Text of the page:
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Reducing radio interference

Jul 14, 2015
Radio frequency interference from your refrigeration compressor could be affecting your SSB radio.

Radio frequency interference from your refrigeration compressor could be affecting your SSB radio.

It sounds like a crude form of Morse code on your single sideband transceiver. The interfering signal is strong enough to disrupt fax reception, render voice reception unintelligible and bring your onboard email to a halt. It seems to occur all across the bands, stronger on some frequencies, weaker on others. If when you turn off your 12-volt refrigeration the interference stops immediately, read on — this newsletter is for you.

The culprit is the electronic control module (ECM) on the compressor of your refrigeration unit. Danfoss manufactures the direct current hermetic compressors and electronic control modules for almost all of the world’s suppliers of small, direct-current refrigerators and freezers. Over the years they have changed the design of the electronic control module several times, adding better shielding, but to date they are still a long way from achieving an interference-free product. The ECM does a dandy job of driving the compressor and can also jam your SSB radio.

You could just switch off your refrigerator while using the radio, but if you forget to switch the refrigerator back on just once, well, need I say more?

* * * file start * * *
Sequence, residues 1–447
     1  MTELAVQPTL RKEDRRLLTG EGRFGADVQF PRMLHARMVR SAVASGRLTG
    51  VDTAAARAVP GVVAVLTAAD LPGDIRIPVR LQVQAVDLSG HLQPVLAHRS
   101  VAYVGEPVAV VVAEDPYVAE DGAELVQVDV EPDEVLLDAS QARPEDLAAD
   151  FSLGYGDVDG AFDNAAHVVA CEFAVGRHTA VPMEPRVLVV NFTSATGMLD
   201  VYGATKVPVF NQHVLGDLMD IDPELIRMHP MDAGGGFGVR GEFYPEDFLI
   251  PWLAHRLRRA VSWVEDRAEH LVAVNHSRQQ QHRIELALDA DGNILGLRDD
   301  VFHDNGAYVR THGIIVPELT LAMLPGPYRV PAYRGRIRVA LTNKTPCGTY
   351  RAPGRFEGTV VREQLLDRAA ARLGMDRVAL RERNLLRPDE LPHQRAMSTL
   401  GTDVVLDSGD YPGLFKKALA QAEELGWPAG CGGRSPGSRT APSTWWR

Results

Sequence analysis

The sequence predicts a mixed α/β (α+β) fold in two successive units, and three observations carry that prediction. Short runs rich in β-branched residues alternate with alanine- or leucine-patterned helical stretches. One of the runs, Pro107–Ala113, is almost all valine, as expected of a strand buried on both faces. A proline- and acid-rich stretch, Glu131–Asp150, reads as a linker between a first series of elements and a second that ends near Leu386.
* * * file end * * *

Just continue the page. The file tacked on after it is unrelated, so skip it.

A number of steps can be implemented to reduce, if not totally eliminate the interference. The first step is to inspect all of your radio grounds. The interfering energy must be diverted to ground and without a clean ground, success is not likely. Radio frequency energy flows along the surface of the conductor. Salt water rapidly corrodes copper, forming copper oxides that create a high impedance path to radio frequency energy. Replace any copper ground foils that appear to be corroded and thoroughly clean the connections. Coat the cleaned connections with silicone grease.

Conducted and radiated interference
The second step is to track down and identify the various paths of interference, of which there are two types: conducted and radiated. While the interference is created within the ECM itself, it is the connecting wiring and even the refrigerant tubing that acts as radiating antennas. Conducted interference travels from the ECM to your radio via the power wiring, and radiated interference travels through the air entering your radio via the antenna. To complicate matters even more, radiated interference can enter the various wires and cables connected to your radio. Most probably you will have to treat both conducted and radiated interference to achieve an acceptable reduction in interference.